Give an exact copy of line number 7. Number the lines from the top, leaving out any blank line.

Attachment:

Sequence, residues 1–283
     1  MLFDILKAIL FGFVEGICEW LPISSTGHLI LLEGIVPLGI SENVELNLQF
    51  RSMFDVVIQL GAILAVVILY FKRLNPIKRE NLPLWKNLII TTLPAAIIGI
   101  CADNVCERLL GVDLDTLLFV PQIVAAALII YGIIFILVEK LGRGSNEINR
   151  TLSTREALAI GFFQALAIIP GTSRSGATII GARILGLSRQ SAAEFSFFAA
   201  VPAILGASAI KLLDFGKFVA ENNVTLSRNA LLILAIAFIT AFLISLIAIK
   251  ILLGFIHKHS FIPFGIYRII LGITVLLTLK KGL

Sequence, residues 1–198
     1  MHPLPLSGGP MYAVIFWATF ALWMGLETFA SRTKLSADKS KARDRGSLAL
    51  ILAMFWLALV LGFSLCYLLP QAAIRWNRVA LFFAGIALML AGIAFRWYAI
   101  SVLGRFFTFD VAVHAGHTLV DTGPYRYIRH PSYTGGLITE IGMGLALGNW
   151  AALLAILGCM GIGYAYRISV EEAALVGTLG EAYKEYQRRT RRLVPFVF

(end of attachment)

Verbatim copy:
   251  ILLGFIHKHS FIPFGIYRII LGITVLLTLK KGL